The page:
The Corporate Income Tax Act sets the regulations for corporate income tax and it is set at 19%, unless in some exceptional circumstances. All corporate income tax (CIT) taxpayers must keep accounting ledgers according to the conditions set out in the appropriate legislation, principally the Accounting Act
Who is liable for CIT?
The Corporate Income Tax Bill states that the following are subject to CIT:
- Companies formed under the Commercial Companies Code (legal rather than natural persons)
- Unincorporated organizational units (except partnerships), organizations and limited joint-stock partnerships when their registered location or management board is in Poland
- Tax groups of companies- a minimum of two incorporated commercial law companies meeting lawful requirements and are tied on the capital level.
- Unincorporated companies whose registered location is not in Poland. They must be legal persons according to the laws of their own country and subject to taxes no matter where the income is generated.
Tax Obligations in Poland
A CIT taxpayer has unlimited tax liability regardless of where their income is earned as long as they have a registered location or management board in Poland. If the location isn’t registered in Poland, or the management board, then the company is subject to limited taxes based on the income generated in Poland.
Objectives of taxation in Poland
There is no doubt as to whether an income taxpayer is liable for corporate income tax, what may vary is how the CIT is applied. This is stated in the Corporate Income Taxation Act and it is worth looking closely at Articles 10 and 21. Article 10 focuses on the consideration of real income. While Article 21 concerns the form of economic activity. If foreign bodies carry out the activity, there is a flat tax rate of20%, or 10% when counted towards the taxpayers base rate liability.
Article 17 consists of a list of those companies that are exempt from taxes. These are considered to be associations, foundations, and societies. The revenues of such companies must be put toward “socially useful purposes”.
Article 12 explains what revenue is considered taxable and includes:
- Received money
- Any exchange difference
- The value of goods from partial returns, rights and other benefits
- Income generated from economic activity (including income that hasn’t been received yet)
- Income taxable once the goods have been released, the provision of a service, or in the moment a property is sold. If the service lasts for a period of time, the revenue date is considered to be the last date the service is provided.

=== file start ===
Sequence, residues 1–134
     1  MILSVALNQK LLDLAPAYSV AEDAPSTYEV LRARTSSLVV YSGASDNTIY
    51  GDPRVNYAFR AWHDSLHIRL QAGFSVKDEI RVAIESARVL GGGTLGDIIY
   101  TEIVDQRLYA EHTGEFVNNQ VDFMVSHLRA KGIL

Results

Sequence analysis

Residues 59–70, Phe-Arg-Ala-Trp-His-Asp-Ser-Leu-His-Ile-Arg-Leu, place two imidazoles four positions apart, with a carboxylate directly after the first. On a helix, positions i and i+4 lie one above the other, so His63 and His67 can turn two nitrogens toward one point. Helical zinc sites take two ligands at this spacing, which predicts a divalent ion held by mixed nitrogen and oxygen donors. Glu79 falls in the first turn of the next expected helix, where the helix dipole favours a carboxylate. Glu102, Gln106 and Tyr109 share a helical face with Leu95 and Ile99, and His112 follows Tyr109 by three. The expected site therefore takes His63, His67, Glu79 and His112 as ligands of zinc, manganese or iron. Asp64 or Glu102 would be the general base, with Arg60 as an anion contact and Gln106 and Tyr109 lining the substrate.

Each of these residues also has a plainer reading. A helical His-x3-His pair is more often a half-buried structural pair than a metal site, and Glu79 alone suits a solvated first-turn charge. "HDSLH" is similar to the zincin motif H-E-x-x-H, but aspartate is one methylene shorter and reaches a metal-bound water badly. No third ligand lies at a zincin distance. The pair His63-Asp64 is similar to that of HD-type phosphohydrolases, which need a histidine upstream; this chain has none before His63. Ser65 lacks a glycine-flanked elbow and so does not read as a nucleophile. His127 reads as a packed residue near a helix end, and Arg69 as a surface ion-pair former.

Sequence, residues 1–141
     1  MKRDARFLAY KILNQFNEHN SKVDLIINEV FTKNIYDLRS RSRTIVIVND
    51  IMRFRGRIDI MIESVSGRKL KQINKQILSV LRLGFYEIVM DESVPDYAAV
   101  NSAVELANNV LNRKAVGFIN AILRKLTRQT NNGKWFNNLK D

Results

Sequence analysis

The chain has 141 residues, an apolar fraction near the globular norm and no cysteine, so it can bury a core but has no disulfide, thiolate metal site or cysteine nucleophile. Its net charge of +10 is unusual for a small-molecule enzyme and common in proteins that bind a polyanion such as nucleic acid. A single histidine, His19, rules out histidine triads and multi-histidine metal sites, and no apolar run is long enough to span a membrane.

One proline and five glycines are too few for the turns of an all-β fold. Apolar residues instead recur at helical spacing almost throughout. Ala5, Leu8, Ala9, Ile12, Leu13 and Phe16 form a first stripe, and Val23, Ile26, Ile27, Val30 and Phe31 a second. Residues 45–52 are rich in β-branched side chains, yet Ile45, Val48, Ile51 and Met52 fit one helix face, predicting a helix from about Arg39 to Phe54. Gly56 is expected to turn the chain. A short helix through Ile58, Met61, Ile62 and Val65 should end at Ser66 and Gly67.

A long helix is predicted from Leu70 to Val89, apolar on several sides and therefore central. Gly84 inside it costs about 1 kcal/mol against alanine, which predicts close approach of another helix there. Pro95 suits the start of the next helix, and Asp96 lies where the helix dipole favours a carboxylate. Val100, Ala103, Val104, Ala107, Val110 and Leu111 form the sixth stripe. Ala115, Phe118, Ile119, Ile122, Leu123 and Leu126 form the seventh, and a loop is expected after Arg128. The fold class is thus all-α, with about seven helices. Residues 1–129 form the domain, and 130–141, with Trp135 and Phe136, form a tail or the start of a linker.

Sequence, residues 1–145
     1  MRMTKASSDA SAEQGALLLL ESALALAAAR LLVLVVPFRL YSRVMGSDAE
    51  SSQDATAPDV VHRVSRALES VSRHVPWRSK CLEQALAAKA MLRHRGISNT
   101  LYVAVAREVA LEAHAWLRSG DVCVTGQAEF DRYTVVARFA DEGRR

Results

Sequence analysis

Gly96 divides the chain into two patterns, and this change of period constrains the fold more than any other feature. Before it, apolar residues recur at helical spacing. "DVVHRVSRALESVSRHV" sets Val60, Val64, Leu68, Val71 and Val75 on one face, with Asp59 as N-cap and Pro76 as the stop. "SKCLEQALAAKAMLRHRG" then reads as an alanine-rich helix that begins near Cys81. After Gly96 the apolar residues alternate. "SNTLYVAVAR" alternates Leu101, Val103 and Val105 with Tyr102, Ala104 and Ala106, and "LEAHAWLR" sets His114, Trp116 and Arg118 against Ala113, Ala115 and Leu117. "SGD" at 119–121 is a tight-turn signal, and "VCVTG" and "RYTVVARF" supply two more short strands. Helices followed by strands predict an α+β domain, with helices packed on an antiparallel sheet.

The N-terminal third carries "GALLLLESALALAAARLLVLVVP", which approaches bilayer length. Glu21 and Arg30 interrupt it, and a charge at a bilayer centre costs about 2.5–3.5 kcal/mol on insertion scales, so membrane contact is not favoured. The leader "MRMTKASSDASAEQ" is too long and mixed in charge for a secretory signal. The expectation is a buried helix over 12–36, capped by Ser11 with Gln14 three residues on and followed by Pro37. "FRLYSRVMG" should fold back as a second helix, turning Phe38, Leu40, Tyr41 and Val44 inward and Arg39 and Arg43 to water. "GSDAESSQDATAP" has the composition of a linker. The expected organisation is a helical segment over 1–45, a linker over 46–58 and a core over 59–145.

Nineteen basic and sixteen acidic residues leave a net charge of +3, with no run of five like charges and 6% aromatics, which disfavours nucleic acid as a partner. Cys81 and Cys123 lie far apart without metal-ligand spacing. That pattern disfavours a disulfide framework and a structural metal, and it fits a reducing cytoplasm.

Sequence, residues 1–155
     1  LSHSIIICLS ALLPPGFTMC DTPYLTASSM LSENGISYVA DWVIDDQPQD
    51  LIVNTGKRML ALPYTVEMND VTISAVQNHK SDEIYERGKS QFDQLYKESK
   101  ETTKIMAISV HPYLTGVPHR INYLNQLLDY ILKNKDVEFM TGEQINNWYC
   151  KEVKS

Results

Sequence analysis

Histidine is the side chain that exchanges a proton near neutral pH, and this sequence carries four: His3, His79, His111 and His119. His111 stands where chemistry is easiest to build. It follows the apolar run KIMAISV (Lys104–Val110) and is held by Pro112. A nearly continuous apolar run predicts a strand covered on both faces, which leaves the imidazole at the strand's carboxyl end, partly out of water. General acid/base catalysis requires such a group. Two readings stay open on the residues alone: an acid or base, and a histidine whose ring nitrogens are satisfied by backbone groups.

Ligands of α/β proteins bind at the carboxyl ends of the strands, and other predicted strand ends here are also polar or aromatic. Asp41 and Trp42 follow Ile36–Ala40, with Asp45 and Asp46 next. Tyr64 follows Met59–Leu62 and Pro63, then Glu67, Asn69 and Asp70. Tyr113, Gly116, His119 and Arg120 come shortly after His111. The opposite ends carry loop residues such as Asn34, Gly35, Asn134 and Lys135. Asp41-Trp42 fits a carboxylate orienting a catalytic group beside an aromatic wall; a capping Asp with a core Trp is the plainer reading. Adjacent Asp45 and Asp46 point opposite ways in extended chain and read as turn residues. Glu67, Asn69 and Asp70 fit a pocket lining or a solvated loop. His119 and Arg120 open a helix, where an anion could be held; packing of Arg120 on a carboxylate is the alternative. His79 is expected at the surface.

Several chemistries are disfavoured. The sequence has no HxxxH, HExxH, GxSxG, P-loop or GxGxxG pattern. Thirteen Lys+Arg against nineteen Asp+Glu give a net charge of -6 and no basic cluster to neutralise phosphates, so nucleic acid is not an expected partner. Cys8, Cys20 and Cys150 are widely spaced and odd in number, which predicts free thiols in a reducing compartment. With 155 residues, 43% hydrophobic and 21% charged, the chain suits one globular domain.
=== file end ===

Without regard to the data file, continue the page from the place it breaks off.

If there is a circumstance that doesn’t fit in with the above, the start date for the revenue is the date the payment was made.
What costs can be deducted
It’s highly complex and impossible to provide a complete list of tax-deductible costs. Therefore, legislators use three generally traits:
- The cost must be borne of the taxpayer rather than the other party
- The cost was derived from acquiring revenues, main a source of income or generate new income
- The cost can’t appear on the list of non-deductible items
Depreciation can only apply to tangible assets like buildings, vehicles, equipment, licenses, etc. A depreciation write-off is usually taken from the principal value of the asset whether that monthly, the end of the fiscal quarter, or the end of the fiscal year.
Other tax deductions
Apart from depreciation, you may be able to deduct the following:
- Lease payments
- Donations to public organizations with a maximum of 10%
- Donations for worship with a maximum of 10% (when donating to both, the combined amount can’t be more than 10%
- Bank loans associated with reconstruction with a maximum of 20% of the loan
- Donations to the Church
- Purchasing new equipment, up to 50% of the cost
If a company makes a loss within a tax year, it can set it off against any income generated within a 5-year period. The most that can be set off is 50% of the loss from that year.
It may be possible to reduce the taxes due based on the taxes that have already been paid on dividends.
Generally speaking, the financial year is considered to be 12 consecutive months. This can be lengthened or shortened for some individual situations. The tax year doesn’t have to be one calendar year.
Obligations regarding advance payments
No taxpayer has to submit a tax return during the year. However, advance payments are compulsory. These payments are made on the 20th day of the following month or quarter.
Annual Tax Returns
Corporate taxpayers have until the end of the third month of the following year to submit tax returns. The CIT-8 form is used to declare income made or losses incurred. Along with this form, a company must submit balance sheets, profit and loss accounts and any further information required.
Article 27 stipulates that taxes or any differences due must be paid before the same date.
The financial statements submitted along with the CIT-8 form must be approved by the board or general meeting etc., before being sent to the tax authority no later than 10 days after the approval. These documents must also be sent to the National Court Register within the first 6 months of the new fiscal year.